Barbara Pollard, a longtime town clerk and deputy treasurer for the towns of Gray and New Gloucester, who served on the Gray Cemetery Association for 40 years, died unexpectedly Wednesday. She was 82.

Mrs. Pollard worked as a town clerk in Gray from 1956 to 1972. She was then hired to work for the town of New Gloucester. She held numerous jobs throughout her career such as town clerk, deputy town clerk and interim town manager. She also helped with elections and was New Gloucester’s “unofficial historian.”

One year, she was recognized by town officials as the Employee of the Year. She retired in 2003.

Barbara Seaver, deputy town clerk in New Gloucester, said Mrs. Pollard was a great communicator in the office and with the public. Seaver said she knew everyone and everyone knew her.

“I talked to her about 10 days ago,” Seaver said. “She was a reference for us many times. She had a heart of gold. You would never know that anything was wrong with her. She was so positive.”

She was the loving wife of Robert Pollard for 39 years. The couple lived in Gray and raised two children. Their daughter, Denise Pollard, died in 2010 after a long fight with multiple sclerosis. Her son, Wayne Pollard of Gray, talked openly Friday about his mother’s tireless devotion to family – especially to his sister, who went on to graduate from St. Joseph’s College. He said his mother encouraged and supported their passions in life.

“She was always there no matter what,” her son said. “If I needed something, she was there. If I needed her at the restaurant, she came right down.”

Mrs. Pollard worked often at the family restaurant, Jess ‘n Nic’s in Gray for the last 25 years. Her son said she took orders and rang up customer’s bills.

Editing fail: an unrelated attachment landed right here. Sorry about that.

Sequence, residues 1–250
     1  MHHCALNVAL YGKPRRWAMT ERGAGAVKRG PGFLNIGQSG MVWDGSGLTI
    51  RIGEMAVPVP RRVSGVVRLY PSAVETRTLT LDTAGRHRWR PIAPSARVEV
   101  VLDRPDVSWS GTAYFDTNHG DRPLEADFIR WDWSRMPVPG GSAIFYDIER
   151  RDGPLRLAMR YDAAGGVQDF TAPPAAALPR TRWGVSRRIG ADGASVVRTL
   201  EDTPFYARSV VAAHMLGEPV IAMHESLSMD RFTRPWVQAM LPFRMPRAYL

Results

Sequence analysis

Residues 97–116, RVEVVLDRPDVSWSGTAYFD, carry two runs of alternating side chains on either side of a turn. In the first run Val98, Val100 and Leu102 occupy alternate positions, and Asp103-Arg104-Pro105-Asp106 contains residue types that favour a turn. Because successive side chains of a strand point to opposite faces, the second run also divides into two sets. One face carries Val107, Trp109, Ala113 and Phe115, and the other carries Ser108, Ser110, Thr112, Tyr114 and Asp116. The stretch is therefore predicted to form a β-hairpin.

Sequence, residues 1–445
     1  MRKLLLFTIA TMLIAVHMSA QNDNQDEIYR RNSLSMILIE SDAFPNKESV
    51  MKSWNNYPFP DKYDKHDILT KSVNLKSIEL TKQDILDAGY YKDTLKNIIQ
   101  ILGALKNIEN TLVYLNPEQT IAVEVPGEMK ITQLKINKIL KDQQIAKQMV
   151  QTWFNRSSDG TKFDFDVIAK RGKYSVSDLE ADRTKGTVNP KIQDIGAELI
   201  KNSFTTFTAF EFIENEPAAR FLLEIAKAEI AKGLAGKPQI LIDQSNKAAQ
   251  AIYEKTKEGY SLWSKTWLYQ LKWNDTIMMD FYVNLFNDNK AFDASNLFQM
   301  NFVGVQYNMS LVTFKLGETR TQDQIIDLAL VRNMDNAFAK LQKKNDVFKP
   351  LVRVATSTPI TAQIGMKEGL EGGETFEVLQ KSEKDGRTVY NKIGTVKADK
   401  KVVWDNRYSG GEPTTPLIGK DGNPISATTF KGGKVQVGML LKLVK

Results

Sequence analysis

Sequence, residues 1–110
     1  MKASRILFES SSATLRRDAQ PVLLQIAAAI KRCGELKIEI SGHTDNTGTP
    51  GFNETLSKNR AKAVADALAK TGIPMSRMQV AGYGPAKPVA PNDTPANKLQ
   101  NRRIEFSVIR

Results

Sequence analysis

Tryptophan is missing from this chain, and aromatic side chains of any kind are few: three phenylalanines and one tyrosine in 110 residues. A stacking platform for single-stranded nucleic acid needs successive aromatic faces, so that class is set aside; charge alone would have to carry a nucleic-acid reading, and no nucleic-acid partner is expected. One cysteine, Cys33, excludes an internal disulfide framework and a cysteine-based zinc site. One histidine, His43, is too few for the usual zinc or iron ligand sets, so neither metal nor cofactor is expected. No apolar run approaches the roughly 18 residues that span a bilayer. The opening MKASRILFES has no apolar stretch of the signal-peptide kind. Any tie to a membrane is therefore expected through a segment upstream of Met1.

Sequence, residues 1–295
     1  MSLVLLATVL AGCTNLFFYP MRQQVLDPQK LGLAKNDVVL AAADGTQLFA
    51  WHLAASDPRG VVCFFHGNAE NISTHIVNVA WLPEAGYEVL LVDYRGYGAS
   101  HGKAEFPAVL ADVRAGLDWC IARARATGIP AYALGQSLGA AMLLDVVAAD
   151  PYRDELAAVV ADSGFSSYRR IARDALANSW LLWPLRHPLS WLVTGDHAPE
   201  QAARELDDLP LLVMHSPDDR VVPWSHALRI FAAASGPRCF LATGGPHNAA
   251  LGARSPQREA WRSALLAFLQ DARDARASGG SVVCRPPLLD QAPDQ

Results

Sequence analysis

“She just liked talking to people and being there,” he said. “It was great having here there. If I needed something or had a questions, she always knew.”

Mrs. Pollard served on the Gray Cemetery Association for the past 40 years or so. She served as secretary and treasurer. She hosted the last meeting on Tuesday – the day before he died.

Robert Sawyer, president of the Gray Cemetery Association, said she did the bookkeeping, kept records of all the burials and helped people locate burial sites of their loved ones.

“She was an outstanding lady,” Sawyer said. “She’s someone everyone looked up to and admired for her courage and her abilities. She was a lady of many talents and she’s going to be missed.”

At the time of her death, Mrs. Pollard was fighting lung cancer. She was receiving chemotherapy every three weeks for the past three years. She previously battled skin cancer and cervical cancer.

Her son believes his mother suffered a heart attack or stroke. He tried to resuscitate her, but was unsuccessful.

“Its tough. When it’s your time, its your time … that’s for sure,” he said. “She was a tough woman … I’ll miss seeing her every day when I come home from work … seeing her in her chair watching TV.”

Melanie Creamer can be contacted at 791-6361 or at:

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